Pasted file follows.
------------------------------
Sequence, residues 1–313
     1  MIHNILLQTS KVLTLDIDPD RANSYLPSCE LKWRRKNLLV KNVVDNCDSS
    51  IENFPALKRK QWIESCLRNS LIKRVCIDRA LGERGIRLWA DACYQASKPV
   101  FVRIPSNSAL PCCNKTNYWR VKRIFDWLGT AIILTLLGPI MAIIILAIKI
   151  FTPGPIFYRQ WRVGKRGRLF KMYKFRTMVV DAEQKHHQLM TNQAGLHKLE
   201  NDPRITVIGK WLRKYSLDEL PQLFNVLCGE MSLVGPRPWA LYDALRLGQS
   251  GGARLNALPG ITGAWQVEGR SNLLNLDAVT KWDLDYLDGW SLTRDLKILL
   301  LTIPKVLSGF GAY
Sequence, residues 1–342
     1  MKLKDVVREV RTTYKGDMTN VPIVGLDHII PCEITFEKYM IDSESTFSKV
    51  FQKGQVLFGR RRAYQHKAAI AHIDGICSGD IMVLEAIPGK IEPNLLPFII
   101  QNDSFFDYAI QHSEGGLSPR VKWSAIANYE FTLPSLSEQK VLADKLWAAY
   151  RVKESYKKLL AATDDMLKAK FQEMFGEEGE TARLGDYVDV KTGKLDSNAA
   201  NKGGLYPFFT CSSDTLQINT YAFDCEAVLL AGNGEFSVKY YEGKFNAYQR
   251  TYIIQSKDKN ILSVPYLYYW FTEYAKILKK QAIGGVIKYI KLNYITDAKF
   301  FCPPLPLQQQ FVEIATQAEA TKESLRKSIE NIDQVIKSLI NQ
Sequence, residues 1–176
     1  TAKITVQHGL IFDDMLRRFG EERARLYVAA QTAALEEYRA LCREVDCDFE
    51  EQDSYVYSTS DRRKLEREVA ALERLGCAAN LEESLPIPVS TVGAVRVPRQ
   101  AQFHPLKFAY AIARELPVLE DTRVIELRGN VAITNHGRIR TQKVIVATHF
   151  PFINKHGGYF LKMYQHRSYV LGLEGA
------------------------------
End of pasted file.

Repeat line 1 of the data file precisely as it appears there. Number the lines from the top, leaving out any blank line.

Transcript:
Sequence, residues 1–313